The Duke: What happened to Kempton Bunton, is Helen Mirren and Jim Broadbent film The Duke a true story

Jim Broadbent and Helen Mirren star in The Duke, a film which follows the story of how Newcastle man Kempton Bunton stole the world famous Duke Of Wellington by Francisco de Goya. What happened and how much of the film is accurate?

After a series of pandemic-related delays, fans of British cinema were finally able to welcome critically acclaimed comedy drama The Duke last week.

Directed by the late, great Roger Michell, the heartwarming film starring Jim Broadbent and Helen Mirren has received rave reviews from critics, with many leading film sites giving it a big thumbs up.

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Set in 1960s England, The Duke tells the true story of local man Kempton Bunton, a 60-year-old working class Geordie who believes strongly in supporting the common man.

Jim Broadband stars as Kempton Bunton in The Duke. Photo credit: Warner Bros. Entertainment UK.Jim Broadband stars as Kempton Bunton in The Duke. Photo credit: Warner Bros. Entertainment UK.
Jim Broadband stars as Kempton Bunton in The Duke. Photo credit: Warner Bros. Entertainment UK.

After spending 13-days in Durham prison for refusing to pay his TV license, claiming the license is an unfair tax on ordinary people, he decides to travel to London to campaign for change.

Instead, he ends up with the world famous – and extremely valuable – Francisco de Goya portrait of the Duke of Wellington that has been stolen from the National Gallery in London.

He then decides to send ransom notes insisting that he will return the painting if the government invests more in care for the elderly.

The Duke tells the uplifting true story of what happened next, as the unassuming retiree with a big heart sets out to change the world.

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Who is in the cast of The Duke?

Legendary British actors Jim Broadbent and Helen Mirren take the leading role of working class husband and wife Kempton and Dorothy Bunton in The Duke.

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Fionn Whitehead (Dunkirk) takes on the role of their ship builder son, Jackie Bunton, while Jack Bandeira (Gunpowder Milkshake) plays the older brother of Kenny Bunton.

Matthew Goode (The Imitation Game) and Anna Maxwell Martin (Line Of Duty) complete the cast.

Spoiler alerts incoming...

What happened to Kempton Bunton? How much of The Duke is a true story?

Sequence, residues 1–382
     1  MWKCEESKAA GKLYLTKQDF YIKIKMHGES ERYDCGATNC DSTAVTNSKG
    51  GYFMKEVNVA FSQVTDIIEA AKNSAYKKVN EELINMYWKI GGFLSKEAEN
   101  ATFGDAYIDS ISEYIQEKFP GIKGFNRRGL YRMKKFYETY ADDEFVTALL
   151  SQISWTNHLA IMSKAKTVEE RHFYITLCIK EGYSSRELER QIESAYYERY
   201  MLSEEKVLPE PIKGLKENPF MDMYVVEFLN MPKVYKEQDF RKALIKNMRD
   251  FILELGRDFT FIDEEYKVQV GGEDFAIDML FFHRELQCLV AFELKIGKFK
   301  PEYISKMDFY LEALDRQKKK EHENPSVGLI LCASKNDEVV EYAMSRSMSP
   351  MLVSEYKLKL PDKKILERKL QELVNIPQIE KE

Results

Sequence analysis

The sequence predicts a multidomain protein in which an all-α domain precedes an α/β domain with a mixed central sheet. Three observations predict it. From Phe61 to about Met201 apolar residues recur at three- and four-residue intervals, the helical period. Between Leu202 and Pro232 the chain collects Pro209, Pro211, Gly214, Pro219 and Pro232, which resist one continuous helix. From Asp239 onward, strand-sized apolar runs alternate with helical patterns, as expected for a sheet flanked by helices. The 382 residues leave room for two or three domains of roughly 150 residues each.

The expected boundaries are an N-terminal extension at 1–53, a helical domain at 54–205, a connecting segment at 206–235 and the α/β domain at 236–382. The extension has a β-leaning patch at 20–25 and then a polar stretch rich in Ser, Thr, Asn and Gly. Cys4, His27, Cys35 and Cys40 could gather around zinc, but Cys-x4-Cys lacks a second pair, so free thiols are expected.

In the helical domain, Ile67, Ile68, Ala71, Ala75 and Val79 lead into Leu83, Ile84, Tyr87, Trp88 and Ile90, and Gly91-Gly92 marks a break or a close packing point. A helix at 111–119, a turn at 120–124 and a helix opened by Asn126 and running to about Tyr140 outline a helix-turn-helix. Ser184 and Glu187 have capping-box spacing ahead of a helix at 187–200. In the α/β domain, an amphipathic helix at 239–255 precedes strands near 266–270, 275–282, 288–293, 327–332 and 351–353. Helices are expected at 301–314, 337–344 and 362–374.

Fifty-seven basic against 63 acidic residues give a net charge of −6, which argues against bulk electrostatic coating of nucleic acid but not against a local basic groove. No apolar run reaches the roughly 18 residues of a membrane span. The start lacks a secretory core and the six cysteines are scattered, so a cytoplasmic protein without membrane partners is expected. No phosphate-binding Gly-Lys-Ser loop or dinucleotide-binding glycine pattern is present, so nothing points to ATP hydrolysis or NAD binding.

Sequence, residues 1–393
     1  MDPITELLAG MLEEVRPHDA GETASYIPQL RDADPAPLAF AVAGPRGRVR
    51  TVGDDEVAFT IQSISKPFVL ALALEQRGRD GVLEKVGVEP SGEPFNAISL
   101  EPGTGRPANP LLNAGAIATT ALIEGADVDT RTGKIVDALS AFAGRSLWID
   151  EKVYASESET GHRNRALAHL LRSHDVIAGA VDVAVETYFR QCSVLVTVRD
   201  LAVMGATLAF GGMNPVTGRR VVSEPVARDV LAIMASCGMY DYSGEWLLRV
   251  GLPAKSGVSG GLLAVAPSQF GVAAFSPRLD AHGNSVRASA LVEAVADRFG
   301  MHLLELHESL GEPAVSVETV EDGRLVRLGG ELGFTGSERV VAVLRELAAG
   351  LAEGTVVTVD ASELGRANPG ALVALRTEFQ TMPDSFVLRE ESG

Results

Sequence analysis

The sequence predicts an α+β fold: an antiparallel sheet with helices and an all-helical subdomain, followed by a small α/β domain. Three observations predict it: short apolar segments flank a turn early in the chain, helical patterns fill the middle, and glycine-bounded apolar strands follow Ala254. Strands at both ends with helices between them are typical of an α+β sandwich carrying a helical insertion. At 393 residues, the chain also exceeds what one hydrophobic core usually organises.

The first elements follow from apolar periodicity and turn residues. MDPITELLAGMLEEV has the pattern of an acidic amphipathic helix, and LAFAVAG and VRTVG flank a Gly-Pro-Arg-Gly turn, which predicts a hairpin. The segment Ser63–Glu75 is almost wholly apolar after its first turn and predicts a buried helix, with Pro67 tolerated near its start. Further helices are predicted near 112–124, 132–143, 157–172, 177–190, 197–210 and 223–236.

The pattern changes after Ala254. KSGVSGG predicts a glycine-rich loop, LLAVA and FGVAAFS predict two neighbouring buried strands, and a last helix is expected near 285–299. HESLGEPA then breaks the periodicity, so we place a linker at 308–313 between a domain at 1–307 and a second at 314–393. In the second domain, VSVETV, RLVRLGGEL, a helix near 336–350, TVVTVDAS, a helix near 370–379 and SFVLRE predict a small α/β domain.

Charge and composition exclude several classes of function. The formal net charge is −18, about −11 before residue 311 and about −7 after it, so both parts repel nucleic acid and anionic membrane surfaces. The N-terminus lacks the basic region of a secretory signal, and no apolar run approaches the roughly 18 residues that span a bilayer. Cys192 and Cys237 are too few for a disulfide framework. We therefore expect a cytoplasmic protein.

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The retired bus driver, who was 61-years-old at the time of the theft, lived in his native Newcastle in a council flat. Although the film shows only three children, he actually had five children in total, including three sons.

As shown in the film, Bunton was arrested for the theft of the Duke of Wellington painting by Francisco de Goya.

Four years after stealing the painting, Bunton eventually surrendered to the police, admitting to the theft of de Goya's portrait of the Duke of Wellington from the National Gallery on August 21 1961. While the film shows he handed the painting back directly to the National Gallery before confessing, in real life Bunton had actually contacted a newspaper and returned the painting via the luggage office at Birmingham New Street station, before handing himself into the police six weeks later.

He was taken to court for the heist, but ultimately the jury found he was not guilty of stealing the painting, returning a guilty verdict only for the theft of the frame, which landed him a total of three months in jail.

Bunton died in Newcastle upon Tyne in 1976. His death went largely unreported and there were no obituaries in the major newspapers. The Duke showcases Bunton penning many scripts for plays, all of which he sends to various outlets. Sadly for Bunton though, none of his scripts were ever used.

Two decades after his death, documents were released by the National Gallery which indicated another person may have carried out the actual theft, and then passed the painting to Bunton.

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This was confirmed in 2012 via a Freedom of Information request.

The National Archives released a confidential file in which Bunton's son John (known as Jackie in The Duke) confessed to the theft following his arrest in 1969 for an unrelated minor offence.

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It showed that John Bunton said his father had intended to use the painting as part of his campaign for free TV licenses for the elderly and that it would ultimately have been returned to the National Gallery.

John said that both he and his brother, Kenneth, were told by their father Kempton not to come forward despite the trial.

However, despite John Bunton's admission of guilt, his son was never prosecuted after Director of Public Prosecutions, Sir Normal Skelhorn advised that it would be difficult to prosecute Bunton senior for perjury, as the prosecution would have to rely on the evidence of the son, who was an unreliable witness.

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